by Colin Pengelly
Gainesville: University Press of Florida, 2009. Pp. xii, 251.
Illus, map, appends., notes, biblio., index. $69.95. ISBN: 9780813033136
British military historian Pengelly gives us a life and times of Samuel Hood (1724-1816) focused on the admiral's role in the American Revolution, which takes up about half the book.
This is a very good account of the naval side of the War of the American Revolution, naturally focused on Hood's loss of the decisive naval action off the Chesapeake Bay (Sept. 15, 1781), which prevented the relief of the besieged British forces at Yorktown. Pengelly (author of The First Bellerophon, Albert Ball, VC, etc.) prefaces this with an account of Hood's early life in the Royal Navy and his role in naval operations during the Seven Years' War and follows it with the admiral's services during the French Revolution. Along the way, Pengelly throws light on careerism, life, and service in the Royal Navy during the great sea wars of the eighteenth century.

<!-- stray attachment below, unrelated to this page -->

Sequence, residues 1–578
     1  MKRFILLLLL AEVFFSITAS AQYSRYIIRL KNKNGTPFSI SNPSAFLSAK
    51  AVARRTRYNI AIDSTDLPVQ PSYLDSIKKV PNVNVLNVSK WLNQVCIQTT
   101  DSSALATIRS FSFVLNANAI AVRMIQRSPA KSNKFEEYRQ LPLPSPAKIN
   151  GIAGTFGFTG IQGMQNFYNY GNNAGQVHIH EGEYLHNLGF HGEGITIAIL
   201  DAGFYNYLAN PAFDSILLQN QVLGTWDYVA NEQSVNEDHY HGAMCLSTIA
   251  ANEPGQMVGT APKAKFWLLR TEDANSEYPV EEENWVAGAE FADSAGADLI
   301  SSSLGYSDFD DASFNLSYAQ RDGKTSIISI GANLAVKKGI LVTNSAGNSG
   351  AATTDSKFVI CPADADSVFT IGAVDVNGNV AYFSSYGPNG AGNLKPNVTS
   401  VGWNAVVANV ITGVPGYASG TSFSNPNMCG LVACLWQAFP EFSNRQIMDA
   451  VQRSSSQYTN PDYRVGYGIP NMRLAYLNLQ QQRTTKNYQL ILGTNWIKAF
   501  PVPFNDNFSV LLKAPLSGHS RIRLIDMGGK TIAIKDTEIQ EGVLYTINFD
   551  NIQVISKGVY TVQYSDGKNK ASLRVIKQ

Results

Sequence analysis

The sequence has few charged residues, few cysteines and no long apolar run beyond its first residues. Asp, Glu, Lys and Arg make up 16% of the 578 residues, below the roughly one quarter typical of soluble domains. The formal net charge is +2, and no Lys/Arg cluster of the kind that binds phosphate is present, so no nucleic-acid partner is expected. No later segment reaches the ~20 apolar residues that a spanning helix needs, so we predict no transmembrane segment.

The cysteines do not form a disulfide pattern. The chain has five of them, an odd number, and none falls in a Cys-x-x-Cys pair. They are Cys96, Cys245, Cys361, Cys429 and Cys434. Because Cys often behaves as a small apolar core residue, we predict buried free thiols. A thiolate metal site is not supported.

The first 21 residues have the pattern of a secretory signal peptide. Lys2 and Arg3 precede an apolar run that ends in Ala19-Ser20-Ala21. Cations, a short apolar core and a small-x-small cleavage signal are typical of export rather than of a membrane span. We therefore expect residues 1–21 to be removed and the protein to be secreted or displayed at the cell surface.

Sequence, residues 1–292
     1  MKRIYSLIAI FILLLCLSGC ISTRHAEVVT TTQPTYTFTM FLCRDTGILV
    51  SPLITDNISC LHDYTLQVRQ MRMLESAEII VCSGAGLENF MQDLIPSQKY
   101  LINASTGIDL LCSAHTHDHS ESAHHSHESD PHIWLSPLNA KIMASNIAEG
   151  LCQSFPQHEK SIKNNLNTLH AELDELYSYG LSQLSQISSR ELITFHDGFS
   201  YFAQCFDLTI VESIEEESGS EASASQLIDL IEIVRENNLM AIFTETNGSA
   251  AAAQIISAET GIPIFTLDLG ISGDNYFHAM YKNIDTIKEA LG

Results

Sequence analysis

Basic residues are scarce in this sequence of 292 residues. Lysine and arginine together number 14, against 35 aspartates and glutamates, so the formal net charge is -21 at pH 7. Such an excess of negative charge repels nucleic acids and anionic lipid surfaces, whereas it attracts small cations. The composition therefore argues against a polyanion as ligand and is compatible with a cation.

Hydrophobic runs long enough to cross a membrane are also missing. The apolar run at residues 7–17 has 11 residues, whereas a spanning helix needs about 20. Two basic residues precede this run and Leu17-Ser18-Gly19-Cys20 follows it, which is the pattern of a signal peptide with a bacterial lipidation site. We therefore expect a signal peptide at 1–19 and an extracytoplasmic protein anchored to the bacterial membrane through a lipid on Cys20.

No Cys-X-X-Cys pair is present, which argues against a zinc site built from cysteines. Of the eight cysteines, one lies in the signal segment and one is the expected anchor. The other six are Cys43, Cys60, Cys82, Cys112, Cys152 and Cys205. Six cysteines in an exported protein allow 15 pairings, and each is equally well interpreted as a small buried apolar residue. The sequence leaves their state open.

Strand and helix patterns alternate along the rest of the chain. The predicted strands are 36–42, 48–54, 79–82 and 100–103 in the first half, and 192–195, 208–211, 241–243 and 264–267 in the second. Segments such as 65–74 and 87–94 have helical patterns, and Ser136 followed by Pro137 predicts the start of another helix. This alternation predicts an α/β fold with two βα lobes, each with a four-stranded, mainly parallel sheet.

A good read for anyone interested in the American Revolution, naval warfare in the age of sail, or the social and political life of the Royal Navy